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Plate 8. Broken sculpture of Kuvera riding on his vehicle, near temple of Nilkanth

Plate 8. Broken sculpture of Kuvera riding on his vehicle, near temple of Nilkanth

Artist: Maisey, Frederick Charles (1825-1892)

Medium: Pencil on paper

Date: 1850

Shelfmark: WD546

Item number: 41a

Length: 17.2

Width: 12.5

Scale: Centimetres

Genre: Drawing

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Pencil drawing by Frederick Charles Maisey of a broken sculpture of Kubera riding on his vehicle from the Nilkanth Temple at Kalinjar, from an album of 60 drawings, dated 1847-1854.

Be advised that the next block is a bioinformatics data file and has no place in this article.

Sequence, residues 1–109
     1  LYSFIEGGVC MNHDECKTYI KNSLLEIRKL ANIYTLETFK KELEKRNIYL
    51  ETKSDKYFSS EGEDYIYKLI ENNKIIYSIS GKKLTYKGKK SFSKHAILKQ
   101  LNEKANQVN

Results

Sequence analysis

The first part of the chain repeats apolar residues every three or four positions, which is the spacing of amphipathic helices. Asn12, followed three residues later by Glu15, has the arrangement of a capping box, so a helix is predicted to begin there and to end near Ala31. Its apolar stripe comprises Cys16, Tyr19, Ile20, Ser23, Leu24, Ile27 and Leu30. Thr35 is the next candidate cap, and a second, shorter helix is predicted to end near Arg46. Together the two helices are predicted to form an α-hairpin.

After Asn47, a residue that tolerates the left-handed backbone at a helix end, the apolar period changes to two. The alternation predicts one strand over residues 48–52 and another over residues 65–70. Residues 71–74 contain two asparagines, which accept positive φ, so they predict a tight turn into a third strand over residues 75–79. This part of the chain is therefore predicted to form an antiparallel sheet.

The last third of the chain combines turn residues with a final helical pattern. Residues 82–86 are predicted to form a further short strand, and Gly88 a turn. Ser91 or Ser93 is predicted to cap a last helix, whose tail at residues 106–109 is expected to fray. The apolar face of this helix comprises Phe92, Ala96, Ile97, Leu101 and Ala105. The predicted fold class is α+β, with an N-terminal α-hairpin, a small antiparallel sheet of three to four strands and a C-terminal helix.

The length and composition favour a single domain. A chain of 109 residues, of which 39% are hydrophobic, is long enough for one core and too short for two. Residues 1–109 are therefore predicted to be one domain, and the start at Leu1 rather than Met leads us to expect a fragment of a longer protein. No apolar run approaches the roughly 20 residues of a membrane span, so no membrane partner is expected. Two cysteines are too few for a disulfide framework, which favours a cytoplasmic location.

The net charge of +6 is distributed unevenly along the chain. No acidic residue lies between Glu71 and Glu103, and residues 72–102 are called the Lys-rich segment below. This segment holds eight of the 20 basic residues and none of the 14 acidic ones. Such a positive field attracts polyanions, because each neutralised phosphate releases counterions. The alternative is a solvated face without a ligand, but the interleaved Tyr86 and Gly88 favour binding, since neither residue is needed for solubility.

Kalinjar, one of the oldest hill forts in India, occupies a remote site on the last spur of the Vindhya Mountains above the Gangetic Valley, a plateau 375 metres high. The site was originally a revered hill shrine later fortified and occupied by successive generations of invaders. From the 9th to the 12th centuries it was a stronghold of the Chandellas. In 1023 Mahmud of Ghazni attempted to seize the fortress but failed. In 1203 Kalinjar fell to the Muslims under Qutub-ud-Din Aybak who defeated the last of the Chandella rajas, Parmadideva. The fort was sacked and all the temples were destroyed. A few centuries later, with the rise of the Mughal Empire, a new series of attacks took place. Emperor Humayun attacked the fort many times from 1530 to 1545. In 1545 the Afghan Sher Shah beseigned the fort but was mortally wounded during the battle. When Humayun re-established Mughal rule in India the forces of his son Akbar took Kalinjar in 1569. In 1812 the fort surrendered to the British under Colonel Martindell. The fortifications were dismantled in 1866. Within the fort there are numerous archaeological remains. From a gateway in the preserved inner curtain wall two flights of steps lead down to Kalinjar's holiest shrine, the Nilakanth Temple. There are numerous inscriptions and rock carvings on the way down to the shrine and masterpieces of Chandella sculpture. A wonderful lifesize dancing Ganesh wearing ankle bells is carved onto a pillar in a doorway. Outside the sanctuary there is an hexagonal mandapa or pavilion; this is now roofless but its finely carved pillars ahve preserved their mouldings and capitals. Inside the cave there is the blue stone lingam with silver eyes, venerated for more than 1000 years. In the Description of the Antiquties of Khalinjar of 1848, Maisey wrote that this drawing represents, "...Kuver, the Hindu Plutus; riding on the shoulder of his vahan, a man...The sculpture is 3 feet 6 inches high; it is let into the wall and has evidently been brought from elsewhere."

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